My guest today is urban-fantasy author Carlyle Labuschagne, a firm believer in YA saves! This South African PR and Marketing Manager holds a diploma in creative writing through the writing school at Collage SA.
Carlyle is working her way into the hearts of international readers. Her debut novel “The Broken Destiny” was voted #3 on the Goodreads Debut list for 2012. Today, she has agreed to chat with me about its sequel, which is due to be released later this year .
Before we start, let’s visit the first novel for a bit to help readers who are yet unfamiliar with The Broken series.
Book One in The Broken series: The Broken Destiny
All my life, I had searched for something, something I thought I ought to be. I felt like I was living someone else’s life, waiting for the awakening of my own. I felt like an empty shell burning for life. That was, until the day I lay dying in the prince’s chambers. I could no longer feel the pain from the tear in my gut. The only sensation left was a hollowed-out feeling that I had made a huge mistake in assuming that taking my own life, would have stopped the ancestors’ spirit from raging out. I had given up. I didn’t want to see myself killing the ones I loved. I was the Chosen one, but I threw it all away for what I thought would save a life. Could you end a life to save a life? I did, and I have regretted it ever since. I realized then that things like me are not meant to exist. What had been missing my whole life? It was I. To find myself, I had to lose myself in the worst possible way. The consequences of my actions became the legend of The Broken.
Poseidon, a complex dystopian planet where humans migrate to after the earth was destroyed. Beautiful, mysterious, exotic. The Council rules Poseidon’s inhabitants the humans, Minoans, and Zulus races.
“The Broken” is a race of genetically enhanced humans. 16-year-old Ava, third generation of The Broken, knows much more, and feels much more than she is allowed to. When she starts questioning her origins and the destruction of Earth, things go horribly wrong for her. She is saved by a Minoan boy from an attempted kidnapping on her life–the perpetrators are evil Zulus and their dark ancient magic. Humans and Minoans are forbidden to interact with each other, and as she is taken back to their village she finds out why–they know of her, her kind and her destiny to save a dying race. Ava must rid them from the Council’s ruling and free the galaxy of The Shadow. Her destiny is to rise above the fall, because within her soul is the key to an archaic weapon that has been missing in the mix of a genetic code since the time of the ancients. As the prophecy unfolds she learns of her bloodline–a bloodline that makes her less human than she could ever have imagined. She alone has the power to destroy or save, but the mind-shift is a horrible thing. Ava will become what she hates to save the ones she loves. Beaten, poisoned, possessed and betrayed by her own emotions, she has no choice but to rise above it all… for that is her Destiny.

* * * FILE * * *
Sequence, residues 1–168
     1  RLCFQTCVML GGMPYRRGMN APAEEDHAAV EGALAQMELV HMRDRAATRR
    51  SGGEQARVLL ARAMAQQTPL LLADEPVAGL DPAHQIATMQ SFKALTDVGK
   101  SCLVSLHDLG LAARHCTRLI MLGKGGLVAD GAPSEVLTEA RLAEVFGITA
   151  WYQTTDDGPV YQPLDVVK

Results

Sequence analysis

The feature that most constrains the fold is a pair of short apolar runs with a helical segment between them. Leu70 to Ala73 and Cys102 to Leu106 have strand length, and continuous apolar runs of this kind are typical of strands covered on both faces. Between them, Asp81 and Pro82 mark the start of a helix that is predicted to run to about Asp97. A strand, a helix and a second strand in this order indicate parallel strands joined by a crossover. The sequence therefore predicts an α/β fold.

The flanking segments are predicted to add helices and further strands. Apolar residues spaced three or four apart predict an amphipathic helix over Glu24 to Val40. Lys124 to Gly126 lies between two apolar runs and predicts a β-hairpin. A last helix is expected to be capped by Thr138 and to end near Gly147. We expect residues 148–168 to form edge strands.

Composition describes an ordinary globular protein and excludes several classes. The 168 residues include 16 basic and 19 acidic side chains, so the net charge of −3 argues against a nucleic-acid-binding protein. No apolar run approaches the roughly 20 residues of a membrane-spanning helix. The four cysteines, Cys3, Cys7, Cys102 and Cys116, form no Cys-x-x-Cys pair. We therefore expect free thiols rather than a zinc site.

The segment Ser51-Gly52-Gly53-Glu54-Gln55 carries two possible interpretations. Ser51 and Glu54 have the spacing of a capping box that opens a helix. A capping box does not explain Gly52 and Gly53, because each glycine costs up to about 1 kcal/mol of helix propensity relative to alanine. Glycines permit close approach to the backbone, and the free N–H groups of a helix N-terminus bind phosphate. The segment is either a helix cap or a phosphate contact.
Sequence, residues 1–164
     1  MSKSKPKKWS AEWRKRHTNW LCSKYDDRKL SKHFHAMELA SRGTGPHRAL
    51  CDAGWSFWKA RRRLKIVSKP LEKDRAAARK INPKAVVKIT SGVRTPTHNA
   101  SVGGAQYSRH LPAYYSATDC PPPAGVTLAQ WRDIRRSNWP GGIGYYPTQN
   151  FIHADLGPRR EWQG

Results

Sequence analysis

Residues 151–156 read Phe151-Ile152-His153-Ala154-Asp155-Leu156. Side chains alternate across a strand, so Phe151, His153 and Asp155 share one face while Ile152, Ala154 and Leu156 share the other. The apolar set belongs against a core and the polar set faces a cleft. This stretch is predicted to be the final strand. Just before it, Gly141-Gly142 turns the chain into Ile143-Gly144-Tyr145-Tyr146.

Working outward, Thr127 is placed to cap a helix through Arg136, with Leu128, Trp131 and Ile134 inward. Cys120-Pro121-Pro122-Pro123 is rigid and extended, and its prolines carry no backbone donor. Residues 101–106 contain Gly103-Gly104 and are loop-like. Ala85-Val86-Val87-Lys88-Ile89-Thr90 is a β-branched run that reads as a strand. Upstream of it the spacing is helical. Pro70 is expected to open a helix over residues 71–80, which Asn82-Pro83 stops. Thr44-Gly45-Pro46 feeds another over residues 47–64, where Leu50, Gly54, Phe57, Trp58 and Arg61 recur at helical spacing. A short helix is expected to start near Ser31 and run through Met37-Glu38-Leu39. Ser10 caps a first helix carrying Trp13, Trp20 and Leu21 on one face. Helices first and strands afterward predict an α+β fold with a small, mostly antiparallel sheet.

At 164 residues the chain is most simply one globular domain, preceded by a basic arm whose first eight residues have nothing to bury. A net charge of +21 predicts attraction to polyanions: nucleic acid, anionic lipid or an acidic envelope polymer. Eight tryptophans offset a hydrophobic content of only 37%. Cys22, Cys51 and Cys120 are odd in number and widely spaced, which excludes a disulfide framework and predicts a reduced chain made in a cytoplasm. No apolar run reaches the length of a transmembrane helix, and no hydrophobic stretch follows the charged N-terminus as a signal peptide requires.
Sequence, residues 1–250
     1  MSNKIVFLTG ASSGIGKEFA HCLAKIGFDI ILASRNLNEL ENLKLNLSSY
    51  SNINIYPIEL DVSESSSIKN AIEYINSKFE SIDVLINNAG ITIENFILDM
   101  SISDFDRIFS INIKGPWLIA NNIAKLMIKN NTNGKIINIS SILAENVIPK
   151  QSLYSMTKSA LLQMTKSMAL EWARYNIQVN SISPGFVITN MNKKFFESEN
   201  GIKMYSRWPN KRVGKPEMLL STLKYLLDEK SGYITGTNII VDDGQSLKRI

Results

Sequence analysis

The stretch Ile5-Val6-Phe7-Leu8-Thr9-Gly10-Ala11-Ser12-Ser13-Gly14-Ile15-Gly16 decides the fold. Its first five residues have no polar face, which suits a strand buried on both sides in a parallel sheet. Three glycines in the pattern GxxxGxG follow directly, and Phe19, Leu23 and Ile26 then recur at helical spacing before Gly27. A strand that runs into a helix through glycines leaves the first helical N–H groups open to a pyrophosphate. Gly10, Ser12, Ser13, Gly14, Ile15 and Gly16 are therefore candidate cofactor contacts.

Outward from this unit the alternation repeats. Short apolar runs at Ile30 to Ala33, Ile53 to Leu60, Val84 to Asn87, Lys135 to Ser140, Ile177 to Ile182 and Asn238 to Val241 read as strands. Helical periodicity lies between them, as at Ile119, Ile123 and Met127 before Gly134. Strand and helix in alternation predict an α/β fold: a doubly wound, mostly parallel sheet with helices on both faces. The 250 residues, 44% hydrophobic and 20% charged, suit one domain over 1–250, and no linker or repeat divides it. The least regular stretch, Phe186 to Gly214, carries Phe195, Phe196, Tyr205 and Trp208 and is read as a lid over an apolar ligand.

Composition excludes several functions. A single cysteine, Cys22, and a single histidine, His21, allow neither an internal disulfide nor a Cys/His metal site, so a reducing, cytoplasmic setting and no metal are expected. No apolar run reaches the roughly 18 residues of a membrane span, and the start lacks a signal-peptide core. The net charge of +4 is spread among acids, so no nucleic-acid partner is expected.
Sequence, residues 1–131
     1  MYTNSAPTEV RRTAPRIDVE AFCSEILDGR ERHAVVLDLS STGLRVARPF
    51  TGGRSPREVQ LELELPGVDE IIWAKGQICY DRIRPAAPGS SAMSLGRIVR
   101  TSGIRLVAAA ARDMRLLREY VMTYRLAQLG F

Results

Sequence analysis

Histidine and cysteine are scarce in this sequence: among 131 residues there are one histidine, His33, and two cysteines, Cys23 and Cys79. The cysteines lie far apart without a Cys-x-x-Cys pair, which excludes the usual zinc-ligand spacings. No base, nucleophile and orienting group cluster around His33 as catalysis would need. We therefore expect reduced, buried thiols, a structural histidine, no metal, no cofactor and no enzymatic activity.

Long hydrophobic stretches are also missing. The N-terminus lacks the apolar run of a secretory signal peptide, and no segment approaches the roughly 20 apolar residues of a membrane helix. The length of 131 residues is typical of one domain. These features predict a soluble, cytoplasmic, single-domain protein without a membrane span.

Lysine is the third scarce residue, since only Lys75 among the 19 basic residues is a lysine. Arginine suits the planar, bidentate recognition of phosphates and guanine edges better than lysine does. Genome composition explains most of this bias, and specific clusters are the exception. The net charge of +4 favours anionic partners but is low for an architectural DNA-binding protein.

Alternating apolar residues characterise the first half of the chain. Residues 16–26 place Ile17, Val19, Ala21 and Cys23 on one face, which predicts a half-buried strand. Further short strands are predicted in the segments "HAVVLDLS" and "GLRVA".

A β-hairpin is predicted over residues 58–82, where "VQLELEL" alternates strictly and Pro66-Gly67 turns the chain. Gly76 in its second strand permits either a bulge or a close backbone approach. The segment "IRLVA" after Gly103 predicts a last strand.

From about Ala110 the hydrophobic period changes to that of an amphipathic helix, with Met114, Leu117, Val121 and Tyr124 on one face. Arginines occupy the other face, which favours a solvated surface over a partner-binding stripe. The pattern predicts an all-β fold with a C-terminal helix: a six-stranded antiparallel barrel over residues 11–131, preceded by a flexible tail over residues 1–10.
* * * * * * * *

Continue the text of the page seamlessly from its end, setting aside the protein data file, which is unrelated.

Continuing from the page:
Now let’s meet the fabulous author and check out the sequel.
Hello Carlyle, thank you for stopping by. What is the book title of Book Two?
Evanescent A Broken Novel
Would you please give our readers a one-sentence synopsis of Evanescent?
Her fall has just begun and only HIS touch can save her from the mind-shift that could destroy it all.
Where do you get your inspiration for this sequel? Did you base the sequel on what readers like from the first book or your own inspiration?
I knew with my first book it was going to be a series. Sequel is a bit of what my imagination had in mind for me and a dash of what my readers liked from book one.
Tell us about the characters. Which actors would you choose to play these characters in a movie rendition?
I have a vast cast, form Zulu’s to Ancient Minoans and then the genetically enhanced kind. Please visit my Pinterest board.
What sets Evanescent apart from your first book? Is this a repeat or are there new excitements?
This book is very very different from book one. Its an entire new world!
Why is this a must read?
I’ve incorporated so many hard hitting issues that teenagers and most people crave for closure, I just did it in a creative way:
-Love in all its forms. Of one’s self , the good and the bad.
-Differences between races and people.
-The journey, the struggle, anger, betrayal, disappointment, rape, suicide, murder.
-Of believing in one’s self.
-Fighting to make your own destiny.
Sample paragraph, please?